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gaetawoo

Wisdom of what data to store

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I'm curious... how wise is it to store so much of one's information.. like bank account info, payment and identification information... 

On one hand, if you have all your logins stored in here... most of that stuff is available through that... so is it any worse to store it outright? I mean, if someone gets a hold of your database and cracks it, it's kinda over isn't it?

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Hi @gaetawoo,

Thanks for writing in. The security of Enpass lies totally on Master Password that you only know. Even if any bad guy gets access to your data file by any means, he won't get anything meaningful out of it until he knows your master password. So we always strongly recommend to use a strong Master Password. For more details about Enpass security check out: https://www.enpass.io/security/

Hope it helps!

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My 2 cents...

That is an essential question. Colocation of sensitive information into one place with added security is generally what you do with most your secrets or valuables such as passwords, creditcards (in the wallet) or money (the bank :-))

The main-problem today is that passwords as a single authentication-challenge is too vague. Too often, theyre not properly protected at the site storing them.

As a quantifier, we often re-use them, so gaining access to an email + password at a website many times gives access to 10 other sites,.

A password manager sorta moves the issue from having one password stored at 100 locations into having it stored at 1 (with a master password).

The issue isnt entirely solved, but at least you've compensated for those forums that didn't ran security updates since 2014 and are affected by heartbleed, poodle and whatnot. So you wont need to panic about public password-dumps like those on Flashback.org and immediately visit https://haveibeenpwned.com/ 

What I like about Enpass is;

  • I can place these secrets whereever I want, at any disk, any site, cloud, removable media etc, Im not bound to store them where "thieves" start looking.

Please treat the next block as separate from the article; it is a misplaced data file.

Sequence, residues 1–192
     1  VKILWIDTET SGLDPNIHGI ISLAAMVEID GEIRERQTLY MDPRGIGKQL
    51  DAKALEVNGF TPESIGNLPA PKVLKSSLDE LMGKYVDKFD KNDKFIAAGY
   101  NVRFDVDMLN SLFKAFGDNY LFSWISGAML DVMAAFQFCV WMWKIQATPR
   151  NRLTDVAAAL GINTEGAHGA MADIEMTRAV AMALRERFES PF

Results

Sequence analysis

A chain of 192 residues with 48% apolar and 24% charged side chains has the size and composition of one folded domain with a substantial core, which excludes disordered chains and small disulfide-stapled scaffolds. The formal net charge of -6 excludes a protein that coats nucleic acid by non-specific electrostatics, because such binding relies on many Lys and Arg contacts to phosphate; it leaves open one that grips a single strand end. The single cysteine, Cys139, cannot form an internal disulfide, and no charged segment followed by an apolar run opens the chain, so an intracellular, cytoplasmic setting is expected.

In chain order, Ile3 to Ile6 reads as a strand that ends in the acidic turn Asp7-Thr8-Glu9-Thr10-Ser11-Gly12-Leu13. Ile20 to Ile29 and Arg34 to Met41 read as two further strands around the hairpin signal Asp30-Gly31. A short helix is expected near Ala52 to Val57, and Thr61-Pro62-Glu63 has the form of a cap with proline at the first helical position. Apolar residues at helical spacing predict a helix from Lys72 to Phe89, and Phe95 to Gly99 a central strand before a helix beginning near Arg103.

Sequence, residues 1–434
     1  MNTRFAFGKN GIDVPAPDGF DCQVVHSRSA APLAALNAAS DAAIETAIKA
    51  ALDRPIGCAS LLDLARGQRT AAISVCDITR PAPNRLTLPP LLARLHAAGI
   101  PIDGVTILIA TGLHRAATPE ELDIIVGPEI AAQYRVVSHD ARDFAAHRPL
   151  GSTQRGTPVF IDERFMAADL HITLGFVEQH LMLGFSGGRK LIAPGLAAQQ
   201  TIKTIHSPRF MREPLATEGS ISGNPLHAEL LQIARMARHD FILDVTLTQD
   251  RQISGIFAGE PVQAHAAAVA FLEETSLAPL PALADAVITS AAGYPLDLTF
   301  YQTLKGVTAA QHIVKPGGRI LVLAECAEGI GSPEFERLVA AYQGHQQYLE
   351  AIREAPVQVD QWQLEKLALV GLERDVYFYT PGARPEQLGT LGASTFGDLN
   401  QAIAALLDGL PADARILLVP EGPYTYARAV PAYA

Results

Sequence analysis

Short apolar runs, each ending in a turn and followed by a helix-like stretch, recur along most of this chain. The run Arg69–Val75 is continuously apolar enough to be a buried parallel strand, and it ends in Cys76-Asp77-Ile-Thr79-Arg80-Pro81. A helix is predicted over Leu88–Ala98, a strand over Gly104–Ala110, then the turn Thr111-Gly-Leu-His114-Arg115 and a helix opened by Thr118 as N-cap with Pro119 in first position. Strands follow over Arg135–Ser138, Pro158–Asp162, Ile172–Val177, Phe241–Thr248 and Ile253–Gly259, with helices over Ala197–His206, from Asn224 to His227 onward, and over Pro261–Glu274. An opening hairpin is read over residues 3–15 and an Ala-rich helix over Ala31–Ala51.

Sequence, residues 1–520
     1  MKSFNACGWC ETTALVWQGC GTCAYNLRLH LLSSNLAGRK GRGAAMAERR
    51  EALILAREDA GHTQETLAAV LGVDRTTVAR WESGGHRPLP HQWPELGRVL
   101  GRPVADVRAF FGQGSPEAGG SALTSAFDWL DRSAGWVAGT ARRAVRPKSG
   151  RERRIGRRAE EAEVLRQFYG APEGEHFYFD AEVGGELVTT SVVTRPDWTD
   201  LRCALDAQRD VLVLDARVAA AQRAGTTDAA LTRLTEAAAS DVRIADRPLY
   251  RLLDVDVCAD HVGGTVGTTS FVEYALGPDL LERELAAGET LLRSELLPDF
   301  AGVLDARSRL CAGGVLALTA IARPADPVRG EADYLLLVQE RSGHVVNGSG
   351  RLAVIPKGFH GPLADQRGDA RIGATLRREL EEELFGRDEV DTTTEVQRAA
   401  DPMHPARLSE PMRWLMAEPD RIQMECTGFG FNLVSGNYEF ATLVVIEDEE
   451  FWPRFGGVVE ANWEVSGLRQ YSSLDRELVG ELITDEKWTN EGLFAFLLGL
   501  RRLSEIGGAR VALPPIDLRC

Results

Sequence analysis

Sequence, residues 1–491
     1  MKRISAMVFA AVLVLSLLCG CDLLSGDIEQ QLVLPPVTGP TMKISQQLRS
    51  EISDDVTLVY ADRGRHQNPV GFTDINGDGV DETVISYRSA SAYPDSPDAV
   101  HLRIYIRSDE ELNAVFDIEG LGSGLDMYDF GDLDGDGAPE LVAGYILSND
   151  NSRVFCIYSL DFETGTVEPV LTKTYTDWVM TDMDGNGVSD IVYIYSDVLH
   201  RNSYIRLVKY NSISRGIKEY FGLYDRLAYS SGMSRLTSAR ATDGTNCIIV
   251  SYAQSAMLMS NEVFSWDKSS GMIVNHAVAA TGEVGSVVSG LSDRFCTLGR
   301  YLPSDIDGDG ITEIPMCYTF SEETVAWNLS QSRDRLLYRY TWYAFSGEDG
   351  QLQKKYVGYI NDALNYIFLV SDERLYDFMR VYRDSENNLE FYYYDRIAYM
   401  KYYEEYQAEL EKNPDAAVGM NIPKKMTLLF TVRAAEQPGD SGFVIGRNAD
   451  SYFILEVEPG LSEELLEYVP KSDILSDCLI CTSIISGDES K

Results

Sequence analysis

• Im not forced to bundle 100% of my credentials in ONE wallet-file. I can choose to place some less-sensitive secrets in one wallet which I sync, and other critical stuff in an ofline location like a removable drive or a disc which isnt even mounted other than when I actually need it.

Having that said, there's LOTS of factors that come into play.

  • Is the Master Password a sufficent challange to access all my stuff, or do I require another factor (2FA)? A peek over your shoulder is enough for someone to gain access to all stuff, if gaining access to the wallet. A keyboard-logger can easily be snuck into the back of a workstation, Heck, KeySweeper doesnt even require physical connection to your computer to intercept keystrokes from a wireless Microsoft-keyboard.
  • Storing a second authentication factor ALONG with the first one in the same place generally beats the purpose, at least partially, Use wisely.
  • What are the consequences if my wallet gets compromized? can I recover or will my life be over? (e.g I never store the credentials for my primary email anywhere, since that in the wrong hands with "forgot my password" would result in access to any accound, theoretically.
  • Many people today stare themselves blind on the level of encryption, "Oh its AES-256, that's militarygrade so its safe, Period, the competitor is just using 128-bits!". Sure the enc. implementation is of esssence, but its not "period". A simple comparision-instruction could potentially be swapped by a skilled rev. engineer to set security aside, (im not implying anything specific to Enpass here)Im just saying that often, security mechanisms aren't broken brute-force, they're simply bypassed,
  • Do I NEED to store the PIN for my creditcard in a passwordmanager? I remember it just fine prior to using any pwdmanager, so why should I store it outside my head?

IMHO, there's simply a balance between security and usability, between wisdom and stupidity. but its individual

Sorry for the.. hefty content,

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1 hour ago, Ivarson said:

My 2 cents...

.......

 

Sorry for the.. hefty content,

That's a fantastic answer, and frankly, I wish you would go on for longer, giving your best practices and tips and tricks.